If a company cannot access the largest market in the world for its product it loses enormous revenue opportunities. And as a matter of economies of scale and ability to move down the learning curve, it becomes economically disadvantaged versus its competitors going forward.
Some nice econ jargon, but ultimately Kaplan in just engaging in George Will-ish argumentation. Use impressive language and pretend that everything is flowing logically. If you’re lucky, no one will pause to connect the dots, and they’ll just skip to your conclusion.
Yeah, can’t do that in this case, because the logic is absent. I can’t follow the train of thought here because there isn’t any. Sorry to be so pedantic here, but let’s deconstruct this:
1. China Internet is a big market.
2. Google is not/will not be in that market.
3. Google will not enjoy greater economies of scale as a result.
4. Google’s competitors will therefore have the advantage.
Crazy person says what?
OK, first, to reiterate: Google is the one deciding to leave the market. Second, although China is a big market, I think Google enjoys significant economies of scale globally anyway. Third, who are these mysterious competitors who will smack Google around because they got out of China? I hope Kaplan isn’t talking about Baidu, which is a large, but purely local company. Big market, big revenues for Baidu, but they are not a global competitor to Google.
Just because you use the terms “economies of scale” and “learning curve,” it doesn’t prove you’re smart. For God’s sake, after an hour or so staring at a thesaurus (Baby’s First Thesaurus, I recommend it), I was able to insert the word “pedantic” into this post (see above), and my brain can barely handle autonomic functions on any given day, which explains the adult diaper and bib.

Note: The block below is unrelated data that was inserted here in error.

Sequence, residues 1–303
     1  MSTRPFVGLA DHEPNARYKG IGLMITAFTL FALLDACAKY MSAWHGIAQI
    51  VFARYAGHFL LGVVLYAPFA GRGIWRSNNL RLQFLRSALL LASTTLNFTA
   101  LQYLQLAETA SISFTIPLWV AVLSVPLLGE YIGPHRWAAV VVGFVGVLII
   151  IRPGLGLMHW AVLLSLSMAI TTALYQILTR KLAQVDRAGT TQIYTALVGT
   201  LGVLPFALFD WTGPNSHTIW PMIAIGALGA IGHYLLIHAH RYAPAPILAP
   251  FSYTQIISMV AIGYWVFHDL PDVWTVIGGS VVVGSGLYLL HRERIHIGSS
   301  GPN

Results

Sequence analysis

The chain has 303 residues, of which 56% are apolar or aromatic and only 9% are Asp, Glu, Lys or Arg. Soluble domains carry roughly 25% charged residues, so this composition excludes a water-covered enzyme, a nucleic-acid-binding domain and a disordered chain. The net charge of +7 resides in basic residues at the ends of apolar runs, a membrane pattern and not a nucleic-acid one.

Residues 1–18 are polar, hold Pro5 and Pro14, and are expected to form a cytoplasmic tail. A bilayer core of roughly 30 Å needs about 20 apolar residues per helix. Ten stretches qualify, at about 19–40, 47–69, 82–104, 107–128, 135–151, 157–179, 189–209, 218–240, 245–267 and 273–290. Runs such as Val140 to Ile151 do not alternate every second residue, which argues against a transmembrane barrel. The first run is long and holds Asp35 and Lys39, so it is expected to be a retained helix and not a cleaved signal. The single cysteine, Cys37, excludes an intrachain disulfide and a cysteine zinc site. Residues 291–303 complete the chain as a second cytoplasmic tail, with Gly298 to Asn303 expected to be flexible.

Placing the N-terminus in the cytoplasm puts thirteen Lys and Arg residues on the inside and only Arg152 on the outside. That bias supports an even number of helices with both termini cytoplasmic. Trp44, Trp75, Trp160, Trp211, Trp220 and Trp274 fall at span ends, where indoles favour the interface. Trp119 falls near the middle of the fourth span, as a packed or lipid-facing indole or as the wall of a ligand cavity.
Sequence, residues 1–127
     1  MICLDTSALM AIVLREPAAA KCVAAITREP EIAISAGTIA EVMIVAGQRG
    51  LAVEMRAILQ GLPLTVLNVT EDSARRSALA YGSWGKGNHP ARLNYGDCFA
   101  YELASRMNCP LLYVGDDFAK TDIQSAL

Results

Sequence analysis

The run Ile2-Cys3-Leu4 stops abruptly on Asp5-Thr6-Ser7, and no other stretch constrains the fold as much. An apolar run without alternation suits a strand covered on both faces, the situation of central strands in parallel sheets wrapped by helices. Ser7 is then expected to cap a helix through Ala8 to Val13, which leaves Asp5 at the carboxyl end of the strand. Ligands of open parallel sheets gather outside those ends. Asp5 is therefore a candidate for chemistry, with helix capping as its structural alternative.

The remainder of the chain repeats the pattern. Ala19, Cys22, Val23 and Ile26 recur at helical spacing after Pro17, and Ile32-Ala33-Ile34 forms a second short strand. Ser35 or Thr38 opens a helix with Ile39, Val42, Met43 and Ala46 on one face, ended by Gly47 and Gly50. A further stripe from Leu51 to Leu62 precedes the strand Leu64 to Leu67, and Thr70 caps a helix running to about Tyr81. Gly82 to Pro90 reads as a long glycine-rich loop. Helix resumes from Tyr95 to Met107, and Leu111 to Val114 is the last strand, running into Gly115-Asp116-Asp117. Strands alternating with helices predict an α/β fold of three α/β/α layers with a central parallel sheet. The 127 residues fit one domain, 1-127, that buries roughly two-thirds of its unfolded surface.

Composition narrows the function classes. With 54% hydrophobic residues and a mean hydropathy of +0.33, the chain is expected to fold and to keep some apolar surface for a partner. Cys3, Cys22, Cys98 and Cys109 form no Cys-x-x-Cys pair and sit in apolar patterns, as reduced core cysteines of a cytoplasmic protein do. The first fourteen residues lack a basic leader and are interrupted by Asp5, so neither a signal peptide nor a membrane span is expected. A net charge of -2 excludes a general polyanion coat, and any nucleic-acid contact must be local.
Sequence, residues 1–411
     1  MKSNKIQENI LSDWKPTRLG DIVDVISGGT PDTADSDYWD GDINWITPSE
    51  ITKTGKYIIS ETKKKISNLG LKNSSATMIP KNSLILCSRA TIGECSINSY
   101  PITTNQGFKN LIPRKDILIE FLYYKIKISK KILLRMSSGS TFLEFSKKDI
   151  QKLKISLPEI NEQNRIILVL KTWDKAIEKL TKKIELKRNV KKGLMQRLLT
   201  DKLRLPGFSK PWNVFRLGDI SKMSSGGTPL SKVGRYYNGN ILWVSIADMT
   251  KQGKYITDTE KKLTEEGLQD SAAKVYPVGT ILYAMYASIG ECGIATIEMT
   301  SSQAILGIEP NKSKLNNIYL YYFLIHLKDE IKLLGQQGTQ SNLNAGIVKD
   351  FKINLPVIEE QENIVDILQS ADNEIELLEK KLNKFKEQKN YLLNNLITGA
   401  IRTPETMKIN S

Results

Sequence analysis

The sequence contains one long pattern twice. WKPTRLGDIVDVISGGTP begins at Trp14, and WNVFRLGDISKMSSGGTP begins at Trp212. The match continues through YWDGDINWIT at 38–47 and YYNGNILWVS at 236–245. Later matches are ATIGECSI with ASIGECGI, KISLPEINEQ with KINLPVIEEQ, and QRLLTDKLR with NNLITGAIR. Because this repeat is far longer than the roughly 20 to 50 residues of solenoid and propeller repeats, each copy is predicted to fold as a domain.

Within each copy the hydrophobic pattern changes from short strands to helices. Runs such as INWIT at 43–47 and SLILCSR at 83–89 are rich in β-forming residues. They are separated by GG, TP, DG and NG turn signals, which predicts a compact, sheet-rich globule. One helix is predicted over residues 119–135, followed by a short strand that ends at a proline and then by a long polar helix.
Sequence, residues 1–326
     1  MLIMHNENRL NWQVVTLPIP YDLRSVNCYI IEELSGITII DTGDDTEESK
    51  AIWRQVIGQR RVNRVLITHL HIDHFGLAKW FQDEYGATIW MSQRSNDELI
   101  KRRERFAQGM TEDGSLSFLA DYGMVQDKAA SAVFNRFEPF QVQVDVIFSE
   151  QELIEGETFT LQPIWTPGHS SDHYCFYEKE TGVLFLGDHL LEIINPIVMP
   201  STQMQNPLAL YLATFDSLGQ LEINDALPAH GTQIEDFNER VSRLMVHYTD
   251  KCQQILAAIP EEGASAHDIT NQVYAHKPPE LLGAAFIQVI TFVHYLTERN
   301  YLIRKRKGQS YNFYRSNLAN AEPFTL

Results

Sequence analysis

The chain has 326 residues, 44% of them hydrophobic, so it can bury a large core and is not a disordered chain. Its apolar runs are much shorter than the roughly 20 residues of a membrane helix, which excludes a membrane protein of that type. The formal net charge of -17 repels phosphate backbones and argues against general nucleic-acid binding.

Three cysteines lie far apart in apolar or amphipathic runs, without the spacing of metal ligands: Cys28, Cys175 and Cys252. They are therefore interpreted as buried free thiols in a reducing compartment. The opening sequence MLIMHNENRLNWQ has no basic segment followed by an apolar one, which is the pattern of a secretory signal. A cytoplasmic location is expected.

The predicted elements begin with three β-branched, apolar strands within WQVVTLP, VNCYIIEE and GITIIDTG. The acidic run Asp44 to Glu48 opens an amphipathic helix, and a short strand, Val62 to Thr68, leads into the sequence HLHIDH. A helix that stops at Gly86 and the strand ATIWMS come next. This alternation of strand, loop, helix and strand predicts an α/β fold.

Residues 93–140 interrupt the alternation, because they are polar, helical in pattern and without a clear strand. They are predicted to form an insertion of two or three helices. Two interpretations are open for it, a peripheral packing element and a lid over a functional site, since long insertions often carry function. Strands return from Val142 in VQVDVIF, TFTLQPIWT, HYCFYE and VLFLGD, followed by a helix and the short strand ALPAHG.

Moving on (’cause I can’t stop now).
Now Kaplan just starts whining, which is sad. “Wah! We (the U.S.) lowered tariffs for certain goods and now China sells us computers! Wah! We allowed Lenovo to buy IBM’s laptop unit, and now we have to buy laptops from China! Wah! We could have stopped the IBM deal, but we didn’t! We are such fools to have trusted those Chinese!” (Note: I paraphrased, somewhat loosely.)
Listen, jughead, it’s called free trade. Look it up. It’s in the dictionary right before FUBAR, which is a decent description of your argument. By the way, his legal opinion on stopping the IBM deal via a CFIUS review (he references the Exon-Florio Amendment) is, I suspect, bullshit. Then again, the folks at CNOOC and Huawei might disagree with me.
So why did the U.S. (further) open its markets to China ten years ago?
[W]e believed that as China industrialized and moved along the economic and knowledge highway they would become a great market for those goods where we continue to have an advantage, things like search engines, and streaming video, and innovative web sites.